The issue here is that these services tend to be cut down builds with either default settings enabled and/or security features disabled. Within an Enterprise, patching and maintaining these services would be someone’s responsibility. However, in the home networking word ease of use and features play second fiddle to security; once setup these components do not tend to be patched by vendor, let alone the users as vulnerabilities are uncovered.
Equipment at Home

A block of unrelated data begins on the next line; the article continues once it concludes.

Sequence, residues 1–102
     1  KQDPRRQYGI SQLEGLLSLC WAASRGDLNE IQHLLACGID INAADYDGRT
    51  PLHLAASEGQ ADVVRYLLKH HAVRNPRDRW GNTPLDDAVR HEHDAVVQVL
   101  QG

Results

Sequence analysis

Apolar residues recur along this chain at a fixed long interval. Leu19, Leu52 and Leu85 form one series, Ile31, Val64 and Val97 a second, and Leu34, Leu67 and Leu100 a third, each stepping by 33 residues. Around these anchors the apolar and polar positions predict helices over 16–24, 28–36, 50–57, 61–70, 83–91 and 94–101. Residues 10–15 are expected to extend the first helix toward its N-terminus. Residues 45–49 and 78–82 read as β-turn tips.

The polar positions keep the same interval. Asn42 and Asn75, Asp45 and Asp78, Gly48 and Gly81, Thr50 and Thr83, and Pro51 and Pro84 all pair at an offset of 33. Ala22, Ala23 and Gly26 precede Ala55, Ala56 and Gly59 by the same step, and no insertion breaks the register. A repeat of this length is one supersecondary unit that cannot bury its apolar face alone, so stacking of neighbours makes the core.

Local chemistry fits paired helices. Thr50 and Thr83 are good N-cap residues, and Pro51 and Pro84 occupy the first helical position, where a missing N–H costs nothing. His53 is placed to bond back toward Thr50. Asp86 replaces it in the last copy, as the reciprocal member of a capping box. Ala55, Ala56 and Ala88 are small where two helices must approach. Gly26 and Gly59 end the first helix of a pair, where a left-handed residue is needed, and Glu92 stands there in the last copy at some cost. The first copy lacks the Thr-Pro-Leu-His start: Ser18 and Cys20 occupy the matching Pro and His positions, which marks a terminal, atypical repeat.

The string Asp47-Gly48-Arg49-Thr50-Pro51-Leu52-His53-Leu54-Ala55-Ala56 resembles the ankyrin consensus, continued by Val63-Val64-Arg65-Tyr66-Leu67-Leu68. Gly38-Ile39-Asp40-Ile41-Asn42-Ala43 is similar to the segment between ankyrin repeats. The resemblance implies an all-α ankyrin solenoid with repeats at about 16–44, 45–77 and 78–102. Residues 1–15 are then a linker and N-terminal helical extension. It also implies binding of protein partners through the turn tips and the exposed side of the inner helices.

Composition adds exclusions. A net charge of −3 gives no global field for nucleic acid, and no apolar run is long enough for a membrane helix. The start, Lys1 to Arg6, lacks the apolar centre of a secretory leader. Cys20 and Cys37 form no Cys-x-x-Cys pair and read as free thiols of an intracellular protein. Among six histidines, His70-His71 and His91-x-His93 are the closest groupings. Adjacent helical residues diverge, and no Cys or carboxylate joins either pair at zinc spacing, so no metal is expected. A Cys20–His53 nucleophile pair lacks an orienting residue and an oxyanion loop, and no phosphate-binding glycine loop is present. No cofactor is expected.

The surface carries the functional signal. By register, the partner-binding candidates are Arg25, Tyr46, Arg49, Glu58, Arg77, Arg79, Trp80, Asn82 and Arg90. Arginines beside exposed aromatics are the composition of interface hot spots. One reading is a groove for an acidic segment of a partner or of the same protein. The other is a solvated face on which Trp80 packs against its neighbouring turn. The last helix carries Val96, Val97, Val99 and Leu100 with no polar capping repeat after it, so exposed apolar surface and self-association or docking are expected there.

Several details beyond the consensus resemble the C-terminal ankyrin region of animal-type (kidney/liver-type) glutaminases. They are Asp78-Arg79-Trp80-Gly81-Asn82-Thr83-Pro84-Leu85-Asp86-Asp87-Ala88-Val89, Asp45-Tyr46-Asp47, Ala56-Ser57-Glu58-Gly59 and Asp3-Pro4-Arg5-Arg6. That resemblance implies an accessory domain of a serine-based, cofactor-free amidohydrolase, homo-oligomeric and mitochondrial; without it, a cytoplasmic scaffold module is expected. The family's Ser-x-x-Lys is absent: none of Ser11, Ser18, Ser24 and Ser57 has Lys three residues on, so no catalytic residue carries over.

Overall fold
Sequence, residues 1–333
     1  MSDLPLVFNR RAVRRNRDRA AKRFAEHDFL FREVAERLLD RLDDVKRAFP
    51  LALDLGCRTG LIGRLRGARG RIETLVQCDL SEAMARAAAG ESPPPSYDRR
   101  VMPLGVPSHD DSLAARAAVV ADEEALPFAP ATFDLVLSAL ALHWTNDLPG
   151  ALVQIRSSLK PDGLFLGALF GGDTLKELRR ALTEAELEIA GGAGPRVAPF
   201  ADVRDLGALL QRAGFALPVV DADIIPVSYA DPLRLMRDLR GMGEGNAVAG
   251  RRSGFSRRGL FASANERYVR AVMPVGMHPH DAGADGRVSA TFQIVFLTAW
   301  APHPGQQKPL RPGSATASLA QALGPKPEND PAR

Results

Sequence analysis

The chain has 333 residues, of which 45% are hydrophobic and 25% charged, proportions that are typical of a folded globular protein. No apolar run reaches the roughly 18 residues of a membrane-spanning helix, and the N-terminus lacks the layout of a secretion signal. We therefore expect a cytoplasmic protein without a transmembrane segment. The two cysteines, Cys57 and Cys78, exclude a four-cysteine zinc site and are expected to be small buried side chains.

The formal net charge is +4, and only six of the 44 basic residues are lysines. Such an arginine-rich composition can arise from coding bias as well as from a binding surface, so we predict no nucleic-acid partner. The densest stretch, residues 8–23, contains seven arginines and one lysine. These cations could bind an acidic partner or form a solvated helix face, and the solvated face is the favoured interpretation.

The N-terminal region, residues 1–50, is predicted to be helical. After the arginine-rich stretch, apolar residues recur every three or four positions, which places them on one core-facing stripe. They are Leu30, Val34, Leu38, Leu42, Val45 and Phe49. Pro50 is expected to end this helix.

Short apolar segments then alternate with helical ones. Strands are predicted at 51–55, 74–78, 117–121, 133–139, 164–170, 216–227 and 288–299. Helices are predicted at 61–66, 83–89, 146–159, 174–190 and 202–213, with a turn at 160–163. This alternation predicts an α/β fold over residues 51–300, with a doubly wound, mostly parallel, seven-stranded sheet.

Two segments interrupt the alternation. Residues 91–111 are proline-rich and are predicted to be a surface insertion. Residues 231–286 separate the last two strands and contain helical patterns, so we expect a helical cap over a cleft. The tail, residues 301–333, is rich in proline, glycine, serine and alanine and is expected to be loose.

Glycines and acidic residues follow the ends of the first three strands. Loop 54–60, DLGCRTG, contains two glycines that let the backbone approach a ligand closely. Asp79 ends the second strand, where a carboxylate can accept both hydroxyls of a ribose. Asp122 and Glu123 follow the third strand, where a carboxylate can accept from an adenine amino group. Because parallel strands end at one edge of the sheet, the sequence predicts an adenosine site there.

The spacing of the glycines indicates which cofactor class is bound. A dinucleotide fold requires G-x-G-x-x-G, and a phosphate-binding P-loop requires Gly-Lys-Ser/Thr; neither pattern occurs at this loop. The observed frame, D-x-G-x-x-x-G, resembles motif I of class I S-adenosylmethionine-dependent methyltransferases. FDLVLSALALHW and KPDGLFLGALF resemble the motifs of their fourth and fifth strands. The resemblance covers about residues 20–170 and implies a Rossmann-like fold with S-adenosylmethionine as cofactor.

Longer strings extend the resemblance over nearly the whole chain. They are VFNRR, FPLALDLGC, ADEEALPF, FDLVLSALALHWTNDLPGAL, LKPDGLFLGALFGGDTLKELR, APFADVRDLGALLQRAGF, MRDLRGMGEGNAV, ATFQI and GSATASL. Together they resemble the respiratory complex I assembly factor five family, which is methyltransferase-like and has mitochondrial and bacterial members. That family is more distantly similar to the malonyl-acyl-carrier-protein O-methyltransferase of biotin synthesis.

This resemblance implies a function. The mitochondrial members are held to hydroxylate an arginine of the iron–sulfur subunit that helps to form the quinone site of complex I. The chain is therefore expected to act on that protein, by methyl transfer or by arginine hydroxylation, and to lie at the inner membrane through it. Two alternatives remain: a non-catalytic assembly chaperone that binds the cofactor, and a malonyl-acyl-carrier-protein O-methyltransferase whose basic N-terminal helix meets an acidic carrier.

The unaddressed risks go deeper when you consider what else is being attached to the home network. Whilst devices such as game consoles and the odd Apple product are to be expected, these are reasonably well hardened devices and don’t actually contain relatively few externally exploitable services. What is perhaps more insidious is the rise of home networking appliances. Whilst the utility and ubiquity of the fabled “Internet connected refrigerator” is somewhat in doubt; there are plenty of other Internet enabled devices creeping into the home. In the UK and US outlets such as Comet, PC World, and Best Buy stock home NAS devices from companies such as Netgear, Drobo, and QNAP. This class of device is primarily aimed at providing home users with an easy way of backing up images, music and other files in a “safe” place so they can be accessed remotely. This technology initially was very limited, but to refer to these devices as “mere” Network Attached Storage is vastly underestimating their capabilities and the risks attached. The “home” NAS market suffers from the same competitive demands as the home router market were features are king. As a result, these gigahertz-class devices often have relatively large amounts of RAM, disk space and a very easy to use GUI. They can be easily configured with a full blown Web, email, LDAP, Proxy server and more all with a lovely web interface. At the more extreme end, but still well within the consumer budget, some of the larger devices are fully VMware certified. Whilst many IT technical people will have some sort of setup at home ranging from an extra PC to a scaled down enterprise network, the provision of a full virtual environment at home creates additional, unknown and undocumented risks.